Health professionals will collect a lot of information about your health and the treatment you receive. A medical record contains personal information, so it’s important to know who can see it, change it and copy it. This section covers your rights in relation to your medical records and other privacy issues, such as talking about sensitive matters with health professionals.
It’s important to note that your rights may vary depending on which state or territory you live in. For specific information, contact the Office of the Australian Information Commissioner, talk to your treatment team, or seek independent legal advice.
When you are treated for a medical condition, either in or out of hospital, the person treating you creates notes about your health. This is called a medical record.
A medical record could be handwritten or electronic and it will include notes about:
Every treatment centre you attend will keep a medical record about you, and they will add to that record each time you visit or have tests.
The treatment centre or health professional who creates a medical record owns and maintains the record. However, Australian law considers ownership and access as separate – so although you don’t own the medical record, you can request access to it.
Different states and territories may have different requirements about how long doctors and treatment centres must keep your records after your last consultation.
Australian privacy standards establish a general rule that organisations are required to provide you with access to personal information (such as medical records) held about you.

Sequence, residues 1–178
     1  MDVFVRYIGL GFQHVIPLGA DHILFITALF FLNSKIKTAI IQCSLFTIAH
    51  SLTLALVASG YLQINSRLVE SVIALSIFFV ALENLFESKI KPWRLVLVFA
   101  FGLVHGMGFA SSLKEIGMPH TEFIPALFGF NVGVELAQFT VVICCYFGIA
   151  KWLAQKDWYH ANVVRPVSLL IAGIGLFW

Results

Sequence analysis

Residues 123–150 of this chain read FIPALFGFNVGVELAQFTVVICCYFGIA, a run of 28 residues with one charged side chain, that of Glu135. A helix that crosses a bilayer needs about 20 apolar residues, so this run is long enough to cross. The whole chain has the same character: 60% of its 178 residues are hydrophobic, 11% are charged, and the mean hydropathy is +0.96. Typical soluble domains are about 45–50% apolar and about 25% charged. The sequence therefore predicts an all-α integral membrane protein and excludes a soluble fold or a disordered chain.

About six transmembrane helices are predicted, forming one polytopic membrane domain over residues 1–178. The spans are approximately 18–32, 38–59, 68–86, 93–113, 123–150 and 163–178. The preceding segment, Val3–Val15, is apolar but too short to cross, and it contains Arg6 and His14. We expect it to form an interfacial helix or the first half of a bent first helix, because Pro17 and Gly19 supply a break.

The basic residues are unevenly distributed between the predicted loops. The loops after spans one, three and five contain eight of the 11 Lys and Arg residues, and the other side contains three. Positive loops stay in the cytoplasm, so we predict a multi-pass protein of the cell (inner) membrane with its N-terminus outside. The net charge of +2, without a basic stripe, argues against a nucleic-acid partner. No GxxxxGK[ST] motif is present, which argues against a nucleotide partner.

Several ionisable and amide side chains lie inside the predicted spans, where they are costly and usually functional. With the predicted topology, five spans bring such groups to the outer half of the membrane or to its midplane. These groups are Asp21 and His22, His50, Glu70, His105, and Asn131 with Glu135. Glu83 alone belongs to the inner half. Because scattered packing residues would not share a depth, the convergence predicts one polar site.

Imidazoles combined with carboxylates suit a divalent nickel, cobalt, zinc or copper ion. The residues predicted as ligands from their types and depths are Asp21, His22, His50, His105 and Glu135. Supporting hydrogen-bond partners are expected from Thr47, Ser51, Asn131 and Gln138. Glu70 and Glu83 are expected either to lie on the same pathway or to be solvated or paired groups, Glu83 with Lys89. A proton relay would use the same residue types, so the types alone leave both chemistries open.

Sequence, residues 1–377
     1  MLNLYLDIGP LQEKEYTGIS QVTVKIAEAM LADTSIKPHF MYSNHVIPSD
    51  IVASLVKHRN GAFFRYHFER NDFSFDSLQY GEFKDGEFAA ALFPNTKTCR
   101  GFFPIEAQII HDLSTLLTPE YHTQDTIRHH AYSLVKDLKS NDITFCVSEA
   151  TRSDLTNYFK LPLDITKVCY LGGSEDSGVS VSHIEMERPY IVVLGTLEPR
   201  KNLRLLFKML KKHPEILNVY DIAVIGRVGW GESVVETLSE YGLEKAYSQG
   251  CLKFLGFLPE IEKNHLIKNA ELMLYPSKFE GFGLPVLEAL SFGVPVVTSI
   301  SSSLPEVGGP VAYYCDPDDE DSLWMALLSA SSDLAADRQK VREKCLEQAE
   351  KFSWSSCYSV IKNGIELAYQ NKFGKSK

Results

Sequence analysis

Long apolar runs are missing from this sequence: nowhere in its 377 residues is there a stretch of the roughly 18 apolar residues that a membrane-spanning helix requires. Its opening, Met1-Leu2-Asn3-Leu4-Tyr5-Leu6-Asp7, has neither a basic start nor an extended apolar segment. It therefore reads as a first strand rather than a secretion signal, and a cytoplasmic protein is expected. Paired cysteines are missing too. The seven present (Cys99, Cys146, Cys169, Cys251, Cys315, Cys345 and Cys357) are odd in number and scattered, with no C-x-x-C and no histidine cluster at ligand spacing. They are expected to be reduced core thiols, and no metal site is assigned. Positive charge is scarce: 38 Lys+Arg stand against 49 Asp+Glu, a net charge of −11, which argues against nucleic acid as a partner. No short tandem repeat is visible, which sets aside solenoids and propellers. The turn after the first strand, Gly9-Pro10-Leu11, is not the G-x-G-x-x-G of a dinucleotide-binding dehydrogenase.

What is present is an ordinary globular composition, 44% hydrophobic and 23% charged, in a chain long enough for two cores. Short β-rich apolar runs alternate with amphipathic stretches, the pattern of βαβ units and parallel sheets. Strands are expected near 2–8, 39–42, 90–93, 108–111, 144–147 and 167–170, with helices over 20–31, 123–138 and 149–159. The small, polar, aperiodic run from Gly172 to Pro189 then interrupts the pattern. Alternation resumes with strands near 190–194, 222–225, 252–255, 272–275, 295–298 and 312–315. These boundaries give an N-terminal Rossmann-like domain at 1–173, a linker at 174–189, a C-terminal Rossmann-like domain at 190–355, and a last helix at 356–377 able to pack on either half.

This standard has been developed because giving people access to their medical records:
You can authorise someone else to see your medical records, such as a relative, interpreter or another health professional. Your records may also be provided to the health ombudsman if you make a complaint about your health care.
If you would like to see your medical records, ask your health care provider (e.g. GP, specialist, hospital or treatment centre) for access. You may have to put the request in writing and provide proof of identity, such as a driver’s licence or birth certificate.
There is no set time limit for a health care provider to meet a request for medical records. However, the Office of the Australian Information Commissioner recommends that a request should be processed within 30 days.
The health care provider may charge a fee to copy your record (public hospitals usually charge about $30), but there shouldn’t be a fee to just look at the record.
Rarely, you won’t be allowed to have a copy of your medical records because:
You can ask for changes to your medical records if you think the records are inaccurate, irrelevant or misleading. You should make this request in writing.
If a treatment centre refuses to change your medical record because they think it is correct as it is or that your suggested changes are not appropriate, it must provide a written explanation for the decision. If you disagree with the decision, you can make a complaint to the Office of the Australian Information Commissioner or to the health ombudsman or complaints commission in your state or territory.
When you are having treatment, you have a right to privacy and confidentiality. Some privacy issues that may affect you include:
If you’re concerned about your privacy, talk to your treatment team or hospital social worker.